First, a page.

Tuesday, 16 June 2020
Department of Health
649. To ask the Minister for Health if he will provide a further geographical breakdown of Covid-19 positive test results and deaths in north-western areas of Dublin by cluster and community transmission as released by the HPSC. [11221/20]
Data is collected on COVID-19 for confirmed and probable cases and mortality, in line with recommendations from the European Centre for Disease Prevention and Control in both hospitals and the community. We committed from the outset to collect the most extensive data possible in order that the information could inform and guide the public health actions necessary to respond to the very serious threat posed by COVID-19. The Deputy might note that the collection of mortality data in Ireland exceeds that of many other countries in the world.
As the Deputy may be aware, the Health Protection Surveillance Centre (HPSC) publishes daily reports on the epidemiology of Covid-19 in Ireland, including a breakdown of confirmed cases by county, total number of outbreaks/clusters, total number of cases associated with clusters, and the number of clusters/outbreaks by location and HSE area. This report is available at the following link:
The Deputy might also note that data on deaths by county and underlying health condition is now being published by the Central Statistics Office and is available at the following link:
My Department was notified that up to 14 June 2020, there were 25,303 confirmed cases and sadly a total of 1,706 people have died. For reasons of patient confidentiality, and to protect the identity of those who have died, my Department does not provide a breakdown of deaths below county level.
The HSE has worked intensively since the onset of Covid-19 to develop national testing and contact tracing infrastructure. Contact tracing operations are at the centre of the health service response to Covid-19 and protecting our communities in the phases ahead. Key to effective contact tracing is the capacity to get quick and comprehensive notification to all close contacts of people infected with Covid-19. The Covid Tracker app has been developed to complement our current arrangements and help improve the speed and comprehensiveness of contact tracing. The app has other features also such as the daily symptom check-in, and information provision.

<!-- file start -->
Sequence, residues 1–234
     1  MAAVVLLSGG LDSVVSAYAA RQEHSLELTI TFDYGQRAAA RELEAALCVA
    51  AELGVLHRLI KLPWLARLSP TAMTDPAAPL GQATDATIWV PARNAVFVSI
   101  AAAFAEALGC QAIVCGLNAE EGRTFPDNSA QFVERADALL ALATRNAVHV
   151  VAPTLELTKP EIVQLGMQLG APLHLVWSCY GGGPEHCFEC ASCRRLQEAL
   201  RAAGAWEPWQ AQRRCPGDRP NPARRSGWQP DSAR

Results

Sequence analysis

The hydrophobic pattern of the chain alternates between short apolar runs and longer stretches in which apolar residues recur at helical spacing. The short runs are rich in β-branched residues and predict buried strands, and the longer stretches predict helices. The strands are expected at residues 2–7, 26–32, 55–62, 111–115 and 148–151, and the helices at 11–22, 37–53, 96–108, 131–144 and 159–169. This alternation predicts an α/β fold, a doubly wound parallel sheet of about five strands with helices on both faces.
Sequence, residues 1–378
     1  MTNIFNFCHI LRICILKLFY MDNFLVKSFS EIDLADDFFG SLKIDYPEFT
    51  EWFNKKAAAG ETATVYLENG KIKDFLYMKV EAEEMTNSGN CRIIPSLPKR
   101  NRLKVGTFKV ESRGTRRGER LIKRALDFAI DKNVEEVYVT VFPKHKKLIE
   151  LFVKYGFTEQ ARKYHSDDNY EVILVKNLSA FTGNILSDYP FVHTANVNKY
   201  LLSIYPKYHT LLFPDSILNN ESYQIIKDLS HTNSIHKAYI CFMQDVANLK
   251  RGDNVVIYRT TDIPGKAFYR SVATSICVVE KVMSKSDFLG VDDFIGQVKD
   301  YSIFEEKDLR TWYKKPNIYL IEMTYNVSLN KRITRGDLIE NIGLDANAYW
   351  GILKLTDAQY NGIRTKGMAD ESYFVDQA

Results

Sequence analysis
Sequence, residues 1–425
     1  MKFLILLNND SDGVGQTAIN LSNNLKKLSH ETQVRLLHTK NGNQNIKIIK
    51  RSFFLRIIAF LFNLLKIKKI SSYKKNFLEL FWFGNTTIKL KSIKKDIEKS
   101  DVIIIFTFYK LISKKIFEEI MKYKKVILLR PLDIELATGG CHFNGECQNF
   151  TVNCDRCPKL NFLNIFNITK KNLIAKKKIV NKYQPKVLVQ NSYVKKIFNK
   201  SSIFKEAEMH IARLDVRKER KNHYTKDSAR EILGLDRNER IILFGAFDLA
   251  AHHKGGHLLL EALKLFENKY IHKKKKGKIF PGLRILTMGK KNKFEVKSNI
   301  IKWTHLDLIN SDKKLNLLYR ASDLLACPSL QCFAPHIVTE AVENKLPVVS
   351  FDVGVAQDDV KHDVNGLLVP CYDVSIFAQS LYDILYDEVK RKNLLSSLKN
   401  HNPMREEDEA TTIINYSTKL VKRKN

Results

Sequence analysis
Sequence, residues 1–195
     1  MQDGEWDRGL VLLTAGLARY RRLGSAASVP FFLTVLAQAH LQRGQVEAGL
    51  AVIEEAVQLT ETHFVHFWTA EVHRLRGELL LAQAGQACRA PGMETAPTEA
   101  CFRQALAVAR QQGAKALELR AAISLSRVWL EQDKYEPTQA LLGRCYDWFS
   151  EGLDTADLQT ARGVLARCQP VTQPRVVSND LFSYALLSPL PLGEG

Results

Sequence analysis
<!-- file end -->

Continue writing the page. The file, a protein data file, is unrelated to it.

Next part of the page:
The contact tracing app that has been developed for Ireland is very much aligned with the advices and guidance issued by the EU Commission, the OECD and the WHO. The European Centre for Disease Control recently stated that "the use of mobile contact tracing apps for contact tracing offers several benefits:
- they do not rely on the memory of the case (who may be very ill at the time of interview);
- they allow contacts unknown to the case to be traced (e.g. passengers who sat close on a train);
- they can potentially speed up the process;
- they may facilitate further follow-up of contacts by health authorities via a messaging system. A symptom-checker feature could facilitate this, although it is not essential."
The primary purpose of the app is to enable the health services to improve the speed and effectiveness of contact tracing. Use of the app will provide for more comprehensive alerting of close contacts of those that have become infected than is currently possible based on interviews of those infected and memory recall. In addition, the app permits citizens to anonymously report symptoms in real-time. The purpose of the symptom tracker is to assist the health services in mapping, predicting and ultimately preventing the spread of Covid-19. The app will also provide direct access to authoritative news, the purpose of which is to ensure that information and up-to-date guidance in relation to Covid-19 is accessible.
App development is now complete and the HSE and my Department are finalising arrangements particularly focussed on embedding and aligning the app within the national testing and contact tracing service. The Department of Health and the HSE have completed a programme of research to support the development of the app. The findings have provided valuable insights from the Irish public and they have informed the development of the app. My Department and HSE have worked with support from across the public service and in partnership with leading scientists through SFI. Ireland is working actively within the EU and is one of a large number of countries planning to roll out this new technology.
The app will operate on a voluntary and fully opt-in basis. The app will be launched once the necessary final approvals have been received from HSE, Department of Health, and Government.